Weather Underground midday recap for Saturday, May 04, 2013.
Heavy rain with areas of flooding developed across the Tennessee Valley and Southern Appalachians on Saturday. A strong low pressure system slowly moved eastward from the Mississippi River Valley and continued to pull warm and moist air northward from the Gulf of Mexico due to its counter-clockwise rotation. This system created a cold front that slowly moved into the Southeast and stretched northwestward into the Mid-Mississippi River Valley. Heavy rainfall that lasted for many hours developed along this frontal boundary. Eastern Alabama, central and eastern Tennessee, central Kentucky, and Georgia saw the heaviest rainfall. A mid-day rainfall total of 3.02 inches was reported at Gadsden, Alabama. Flood warnings and advisories over the Tennessee Valley have extended into the Carolinas as this system slowly spread heavy rainfall eastward. While the rainfall was not as heavy for the Midwest, flooding remained a concern as the area has not yet recovered from the record flooding event from last week.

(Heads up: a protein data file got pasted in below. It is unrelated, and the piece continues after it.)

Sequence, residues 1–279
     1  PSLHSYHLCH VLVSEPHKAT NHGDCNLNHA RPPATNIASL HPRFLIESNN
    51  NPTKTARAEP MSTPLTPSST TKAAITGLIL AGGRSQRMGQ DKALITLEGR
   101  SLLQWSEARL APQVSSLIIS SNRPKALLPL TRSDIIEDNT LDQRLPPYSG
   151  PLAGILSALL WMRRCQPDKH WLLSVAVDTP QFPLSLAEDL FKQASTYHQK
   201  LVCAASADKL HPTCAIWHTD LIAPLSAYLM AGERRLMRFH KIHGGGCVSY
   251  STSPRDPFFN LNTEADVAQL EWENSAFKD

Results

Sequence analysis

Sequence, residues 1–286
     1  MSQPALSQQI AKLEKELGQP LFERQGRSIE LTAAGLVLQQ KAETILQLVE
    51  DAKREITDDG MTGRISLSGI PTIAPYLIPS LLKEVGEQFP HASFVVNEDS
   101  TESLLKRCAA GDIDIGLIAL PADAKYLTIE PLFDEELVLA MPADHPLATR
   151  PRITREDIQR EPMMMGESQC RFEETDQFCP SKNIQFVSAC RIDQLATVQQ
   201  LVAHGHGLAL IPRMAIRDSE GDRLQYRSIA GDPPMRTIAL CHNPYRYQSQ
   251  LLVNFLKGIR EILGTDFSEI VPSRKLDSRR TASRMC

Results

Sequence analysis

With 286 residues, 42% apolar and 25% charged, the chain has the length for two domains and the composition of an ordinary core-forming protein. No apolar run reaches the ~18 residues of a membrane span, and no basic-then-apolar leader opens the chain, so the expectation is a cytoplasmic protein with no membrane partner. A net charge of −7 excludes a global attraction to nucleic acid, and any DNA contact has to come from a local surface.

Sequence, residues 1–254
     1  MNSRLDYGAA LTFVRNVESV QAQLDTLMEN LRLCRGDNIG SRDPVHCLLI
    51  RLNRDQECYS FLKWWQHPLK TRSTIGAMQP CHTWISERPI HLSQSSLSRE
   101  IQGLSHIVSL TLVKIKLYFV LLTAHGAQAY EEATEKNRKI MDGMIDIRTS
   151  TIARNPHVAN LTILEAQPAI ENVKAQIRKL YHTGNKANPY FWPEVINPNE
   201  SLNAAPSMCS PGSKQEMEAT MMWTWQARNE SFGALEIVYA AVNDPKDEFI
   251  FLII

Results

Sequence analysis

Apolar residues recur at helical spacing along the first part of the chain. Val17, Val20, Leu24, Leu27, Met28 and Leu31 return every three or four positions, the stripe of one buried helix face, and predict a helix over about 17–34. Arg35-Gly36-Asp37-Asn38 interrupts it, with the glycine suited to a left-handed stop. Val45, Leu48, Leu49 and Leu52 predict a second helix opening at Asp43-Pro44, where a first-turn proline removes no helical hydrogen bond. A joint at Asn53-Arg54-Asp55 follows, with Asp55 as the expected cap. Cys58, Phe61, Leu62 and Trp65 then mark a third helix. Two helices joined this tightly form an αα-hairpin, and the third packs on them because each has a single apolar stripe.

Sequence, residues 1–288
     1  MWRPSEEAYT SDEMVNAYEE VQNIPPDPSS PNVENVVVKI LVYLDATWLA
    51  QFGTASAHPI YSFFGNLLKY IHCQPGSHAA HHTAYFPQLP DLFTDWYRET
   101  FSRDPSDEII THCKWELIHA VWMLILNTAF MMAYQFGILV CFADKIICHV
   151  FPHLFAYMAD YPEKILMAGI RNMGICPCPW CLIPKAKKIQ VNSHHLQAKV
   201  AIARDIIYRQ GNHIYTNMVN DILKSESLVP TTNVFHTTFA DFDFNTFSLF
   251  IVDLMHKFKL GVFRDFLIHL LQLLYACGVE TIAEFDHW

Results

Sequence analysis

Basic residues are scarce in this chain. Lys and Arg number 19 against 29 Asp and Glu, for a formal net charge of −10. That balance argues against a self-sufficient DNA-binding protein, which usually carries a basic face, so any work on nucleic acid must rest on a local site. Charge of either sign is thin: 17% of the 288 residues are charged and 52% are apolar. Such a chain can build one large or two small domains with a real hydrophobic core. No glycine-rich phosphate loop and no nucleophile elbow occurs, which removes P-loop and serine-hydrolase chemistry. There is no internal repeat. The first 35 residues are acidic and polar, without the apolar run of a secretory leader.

Elsewhere across the nation, a weak front lingered over the Upper Midwest, which kicked up a few light rain showers across the region. To the west, a trough of low pressure and associated frontal boundary brought scattered rain and high elevation snow showers to the Intermountain West and Northern Rockies. Further west, fire danger remained high for parts of California as high pressure created another warm day and low relative humidity and gusty winds.
Temperatures in the Lower 48 states Saturday have ranged from a morning low of 17 degrees at Hazen, N.D. to a midday high of 91 degrees at Imperial, Calif.